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Cerous oxide, Ce2O3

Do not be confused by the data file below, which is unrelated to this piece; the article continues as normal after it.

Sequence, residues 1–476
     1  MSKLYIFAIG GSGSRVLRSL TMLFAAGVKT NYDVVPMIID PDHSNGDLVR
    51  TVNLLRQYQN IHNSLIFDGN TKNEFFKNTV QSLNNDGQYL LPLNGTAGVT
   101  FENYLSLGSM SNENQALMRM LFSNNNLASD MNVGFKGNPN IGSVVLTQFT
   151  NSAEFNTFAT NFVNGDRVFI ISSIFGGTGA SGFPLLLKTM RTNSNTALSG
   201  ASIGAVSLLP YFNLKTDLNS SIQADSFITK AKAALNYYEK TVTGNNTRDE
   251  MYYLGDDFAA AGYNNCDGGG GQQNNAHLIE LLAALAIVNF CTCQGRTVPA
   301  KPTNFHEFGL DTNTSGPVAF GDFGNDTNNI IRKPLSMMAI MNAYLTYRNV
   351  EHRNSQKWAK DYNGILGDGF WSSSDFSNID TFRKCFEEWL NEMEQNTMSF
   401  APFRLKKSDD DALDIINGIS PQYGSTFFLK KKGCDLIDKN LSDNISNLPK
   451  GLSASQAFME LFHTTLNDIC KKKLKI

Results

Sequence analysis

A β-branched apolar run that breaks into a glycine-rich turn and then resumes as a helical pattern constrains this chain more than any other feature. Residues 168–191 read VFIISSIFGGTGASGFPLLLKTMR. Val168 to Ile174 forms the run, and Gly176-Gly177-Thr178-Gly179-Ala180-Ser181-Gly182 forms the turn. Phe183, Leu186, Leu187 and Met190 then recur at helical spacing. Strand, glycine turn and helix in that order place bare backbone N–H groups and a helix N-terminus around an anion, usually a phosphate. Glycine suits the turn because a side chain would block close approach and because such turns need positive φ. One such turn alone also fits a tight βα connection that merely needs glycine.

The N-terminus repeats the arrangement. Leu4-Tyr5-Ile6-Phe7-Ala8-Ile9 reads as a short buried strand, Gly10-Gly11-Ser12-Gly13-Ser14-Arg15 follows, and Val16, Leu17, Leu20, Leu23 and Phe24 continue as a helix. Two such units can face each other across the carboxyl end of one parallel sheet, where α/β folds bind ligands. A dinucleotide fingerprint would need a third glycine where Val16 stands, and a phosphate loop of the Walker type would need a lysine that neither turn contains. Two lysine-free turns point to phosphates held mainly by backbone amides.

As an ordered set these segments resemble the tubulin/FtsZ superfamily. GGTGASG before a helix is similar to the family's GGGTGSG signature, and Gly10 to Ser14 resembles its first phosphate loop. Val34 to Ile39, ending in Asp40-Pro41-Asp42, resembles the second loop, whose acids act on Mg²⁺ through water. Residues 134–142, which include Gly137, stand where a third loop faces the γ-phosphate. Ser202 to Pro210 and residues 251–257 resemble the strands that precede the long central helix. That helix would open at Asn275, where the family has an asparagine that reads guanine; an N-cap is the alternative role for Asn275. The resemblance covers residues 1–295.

Cerium sesquioxide or cerous oxide, Ce2O3, so readily oxidises to form cerium dioxide that cerous salts of volatile oxyacids yield ceria when ignited in the air. The sesquioxide can be prepared by the reduction of the dioxide with hydrogen at 150 atmos. pressure and at a temperature of about 2000° C. In small quantities and mixed with much ceria and a little carbon, it is produced by the ignition of cerous oxalate in vacuo or in hydrogen. It is also produced in poor yield by heating ceria with zinc at the boiling-point of the metal, but it cannot be separated from the other products of the reaction.1 The simplest method yet known for its preparation consists in heating ceria with metallic calcium and dissolving out the lime and excess of calcium in aqueous ammonium chloride at -10° C. The sesquioxide is thus obtained as a yellowish-green powder which readily absorbs oxygen even at ordinary temperatures and burns easily when gently heated.
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